Is the NSA Grabbing All Americans’ Phone Call Content?

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713b1e06029334e8069b128188e013c4_MThe NSA and the Nation­al Direc­tor of Intel­li­gence have con­sis­tent­ly denied that they lis­ten to the con­tent of Amer­i­cans’ tele­phone calls, but the his­to­ry of intel­li­gence agency claims about the scope of its spy­ing on Amer­i­cans is one of lies and more lies. So the ques­tion must be asked: Are they lying again with respect to record­ing the con­tent of Amer­i­cans’ phone calls?

The answer to that ques­tion may be “yes,” and it may be “no.” But there’s also a pos­si­ble “tech­ni­cal­ly, no” response to that ques­tion that’s even more fright­en­ing, for which there is a sub­stan­tial amount of cir­cum­stan­tial evi­dence. First, here are a few of the bla­tant lies the U.S. intel­li­gence appa­ra­tus has pub­licly told to the Amer­i­can people:

Lie #1: We are not keep­ing Amer­i­cans’ phone data.
Dur­ing a March 12, 2013 Sen­ate hear­ing, Sen­a­tor Ron Wyden asked U.S. Intel­li­gence Direc­tor James Clap­per: “Does the NSA col­lect any type of data at all on mil­lions or hun­dreds of mil­lions of Amer­i­cans?” Admi­ral James Clap­per replied: “No, sir.”

Sev­er­al months lat­er, NSA con­trac­tor Edward Snow­den revealed to the Amer­i­can peo­ple that Clap­per’s state­ment was a bold-faced lie. The NSA had, in fact, been col­lect­ing data on hun­dreds of mil­lions of Amer­i­cans under a pro­gram named PRISM, a pro­gram NSA doc­u­ments revealed that also col­lect­ed Inter­net traf­fic “direct­ly from the servers of these U.S. Ser­vice Providers: Microsoft, Yahoo, Google, Face­book, PalTalk, AOL, Skype, YouTube, Apple.” And copies of that data­base, it was lat­er learned, are sent to the U.S. Drug Enforce­ment Agency. James Bam­ford over at The Inter­cept like­wise revealed on Octo­ber 2, 2014 a 40-year his­to­ry of the NSA releas­ing doc­u­ment­ed lies to both the Amer­i­can peo­ple and to Congress.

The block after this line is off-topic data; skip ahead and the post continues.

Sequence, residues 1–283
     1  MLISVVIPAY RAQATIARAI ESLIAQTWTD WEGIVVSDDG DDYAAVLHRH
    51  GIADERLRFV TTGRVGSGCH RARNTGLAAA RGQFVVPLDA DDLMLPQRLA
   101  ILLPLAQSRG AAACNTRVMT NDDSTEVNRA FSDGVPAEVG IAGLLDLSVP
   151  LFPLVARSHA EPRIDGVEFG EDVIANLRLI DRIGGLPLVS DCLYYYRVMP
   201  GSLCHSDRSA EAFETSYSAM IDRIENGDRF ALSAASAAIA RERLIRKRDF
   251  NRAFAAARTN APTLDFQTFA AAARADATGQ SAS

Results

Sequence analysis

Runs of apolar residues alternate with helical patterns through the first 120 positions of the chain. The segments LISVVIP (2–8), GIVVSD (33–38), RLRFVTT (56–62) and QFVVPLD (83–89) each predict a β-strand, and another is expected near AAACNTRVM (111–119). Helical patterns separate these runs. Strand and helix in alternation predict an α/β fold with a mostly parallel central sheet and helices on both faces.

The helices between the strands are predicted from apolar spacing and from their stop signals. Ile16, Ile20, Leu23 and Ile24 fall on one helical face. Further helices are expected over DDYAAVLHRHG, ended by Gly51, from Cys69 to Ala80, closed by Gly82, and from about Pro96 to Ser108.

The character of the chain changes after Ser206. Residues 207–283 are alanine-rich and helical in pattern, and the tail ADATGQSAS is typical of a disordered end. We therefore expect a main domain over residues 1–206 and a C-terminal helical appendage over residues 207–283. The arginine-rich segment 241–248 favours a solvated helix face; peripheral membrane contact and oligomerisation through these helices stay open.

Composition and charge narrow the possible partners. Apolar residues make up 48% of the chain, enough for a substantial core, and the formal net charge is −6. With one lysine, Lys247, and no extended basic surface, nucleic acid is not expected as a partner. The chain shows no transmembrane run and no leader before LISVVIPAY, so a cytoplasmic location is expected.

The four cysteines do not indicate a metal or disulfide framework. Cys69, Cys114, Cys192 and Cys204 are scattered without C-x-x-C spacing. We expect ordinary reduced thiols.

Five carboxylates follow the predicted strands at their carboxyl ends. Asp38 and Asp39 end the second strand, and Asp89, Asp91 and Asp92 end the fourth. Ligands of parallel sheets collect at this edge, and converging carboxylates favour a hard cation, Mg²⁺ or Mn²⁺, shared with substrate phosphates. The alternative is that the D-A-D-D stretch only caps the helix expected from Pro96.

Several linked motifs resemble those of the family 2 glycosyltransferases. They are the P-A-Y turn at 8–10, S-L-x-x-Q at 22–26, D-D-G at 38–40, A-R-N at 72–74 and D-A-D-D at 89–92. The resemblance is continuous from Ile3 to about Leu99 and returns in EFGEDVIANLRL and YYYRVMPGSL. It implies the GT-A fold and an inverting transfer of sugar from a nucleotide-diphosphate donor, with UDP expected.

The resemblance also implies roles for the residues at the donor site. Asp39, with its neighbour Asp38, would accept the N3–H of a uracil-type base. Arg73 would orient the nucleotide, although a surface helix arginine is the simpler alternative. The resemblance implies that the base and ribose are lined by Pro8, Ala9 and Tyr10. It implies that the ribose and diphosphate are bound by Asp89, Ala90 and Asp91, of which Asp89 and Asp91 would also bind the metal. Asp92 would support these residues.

Lie #2: We can’t grab Amer­i­cans’ e‑mails.
NSA Direc­tor Gen­er­al Kei­th Alexan­der told U.S. House inves­ti­ga­tors on March 20, 2012, that the NSA did­n’t have the “abil­i­ty” to wire­tap Amer­i­cans’ tele­phone calls:

Rep­re­sen­ta­tive Hank John­son (D‑Ga.): Gen­er­al Alexan­der, if Dick Cheney were elect­ed pres­i­dent and want­ed to detain and inces­sant­ly water­board every Amer­i­can who sent an email mak­ing fun of his well-known hunt­ing mishaps, what I’d like to know is, does the NSA have the tech­no­log­i­cal capac­i­ty to iden­ti­fy those Cheney bash­ers based upon the con­tent of their emails? Yes or no.
Gen­er­al Alexan­der: No. Can I explain that?
Rep­re­sen­ta­tive John­son: Yes.
Gen­er­al Alexan­der: The ques­tion is where are the emails and where is NSA’s cov­er­age. I assume by your ques­tion that those emails are in the Unit­ed States.
Rep­re­sen­ta­tive John­son: Cor­rect.
Gen­er­al Alexan­der: NSA does not have the abil­i­ty to do that in the Unit­ed States.